Alonzo Mourning’s son following dad’s footsteps

Alonzo-Trey MourningAlonzo Mourning is considered one of the best centers of the 90s in the NBA, where he played a total of 15 years.

He appeared in 838 games (686 started), averaging 17.1 ppg, 8.5 rpg, 2.8 bpg in 31 minutes of playing time.

He was named a defensive player of the year 2 times, an All-Star and won a championship with the Miami Heat in 2006.

Now it looks like his son, 6’9 Trey Mourning is following his dad’s footsteps.

He’s a high school junior, yet President Barack Obama and the first lady have been in his house. He has an honorary “Uncle Patrick” (Ewing) and an honorary “Uncle Dikembe” (Mutombo).

Mourning is a rising star in the game his father once dominated, but he’s not yet the best player on his team at Miami Ransom Everglades.

Mourning, tantalizingly agile and skilled for someone his size, fractured a finger on his left hand and missed 11 games earlier this season.

But in 18 games, he has been impressive, averaging 11.8 points, 12.5 rebounds and 7.4 blocks.

Mourning has been predicted to become a national recruit after this season. He is already just one inch shorter than his dad, and doctors have projected he could grow to 7-2.

Beyond basketball, Mourning is a huge soccer fan, rooting for AC Milan in club ball, and Italy and Brazil in the World Cup.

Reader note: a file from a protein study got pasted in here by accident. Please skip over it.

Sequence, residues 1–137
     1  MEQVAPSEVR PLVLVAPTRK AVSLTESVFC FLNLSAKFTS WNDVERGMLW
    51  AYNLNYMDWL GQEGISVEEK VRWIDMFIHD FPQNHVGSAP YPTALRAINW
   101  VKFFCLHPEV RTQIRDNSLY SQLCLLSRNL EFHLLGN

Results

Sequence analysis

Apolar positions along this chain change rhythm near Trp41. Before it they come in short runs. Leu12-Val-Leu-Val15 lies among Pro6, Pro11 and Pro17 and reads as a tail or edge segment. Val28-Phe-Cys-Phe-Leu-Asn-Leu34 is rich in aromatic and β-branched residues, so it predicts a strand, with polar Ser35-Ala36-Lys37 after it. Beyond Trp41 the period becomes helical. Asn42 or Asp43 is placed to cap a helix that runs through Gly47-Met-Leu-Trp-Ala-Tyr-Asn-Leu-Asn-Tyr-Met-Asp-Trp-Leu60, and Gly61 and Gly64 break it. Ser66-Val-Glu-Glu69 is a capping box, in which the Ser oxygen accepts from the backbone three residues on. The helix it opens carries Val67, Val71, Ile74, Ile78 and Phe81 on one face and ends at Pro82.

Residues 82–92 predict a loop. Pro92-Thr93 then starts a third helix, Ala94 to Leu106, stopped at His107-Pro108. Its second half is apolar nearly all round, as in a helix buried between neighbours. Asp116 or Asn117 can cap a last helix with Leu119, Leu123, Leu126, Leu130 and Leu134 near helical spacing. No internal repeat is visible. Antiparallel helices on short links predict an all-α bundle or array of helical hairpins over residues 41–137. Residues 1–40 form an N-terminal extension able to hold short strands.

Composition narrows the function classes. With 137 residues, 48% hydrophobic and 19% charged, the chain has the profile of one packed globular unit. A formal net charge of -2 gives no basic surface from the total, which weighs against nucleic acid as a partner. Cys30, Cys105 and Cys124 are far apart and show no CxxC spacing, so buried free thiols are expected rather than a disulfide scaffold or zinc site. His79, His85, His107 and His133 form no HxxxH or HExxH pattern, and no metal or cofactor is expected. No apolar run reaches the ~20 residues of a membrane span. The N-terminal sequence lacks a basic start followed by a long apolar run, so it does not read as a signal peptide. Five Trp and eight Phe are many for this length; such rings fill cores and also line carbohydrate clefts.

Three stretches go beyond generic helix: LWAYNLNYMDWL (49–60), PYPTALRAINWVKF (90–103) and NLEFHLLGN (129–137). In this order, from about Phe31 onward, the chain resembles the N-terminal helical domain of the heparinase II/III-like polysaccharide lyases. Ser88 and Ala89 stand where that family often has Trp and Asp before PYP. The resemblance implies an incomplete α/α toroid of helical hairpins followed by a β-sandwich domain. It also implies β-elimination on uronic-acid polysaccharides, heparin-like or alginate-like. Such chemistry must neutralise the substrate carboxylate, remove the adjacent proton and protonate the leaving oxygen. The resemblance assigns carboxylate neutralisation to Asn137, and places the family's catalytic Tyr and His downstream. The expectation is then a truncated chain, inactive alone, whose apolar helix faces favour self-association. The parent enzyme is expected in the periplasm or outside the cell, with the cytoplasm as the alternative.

In fact, he and his father have planned a trip to Brazil in the summer of 2014 to watch the World Cup, and Trey has been using Rosetta Stone tapes to learn Portuguese in advance of the epic event.

The oldest of three children, Mourning is an A’s and B’s student, is interested in international business and is already fairly fluent in Spanish. Smart, multilingual and multitalented, Mourning would seem a natural fit for say, Miami or FIU.

But, for now at least, he prefers going away for college, although he is a long way from picking a school, a decision he said will be made with his father being very involved.

“I’m just worried about getting better,” he said. “We have a state championship to win — recruiting is the least of my worries.”


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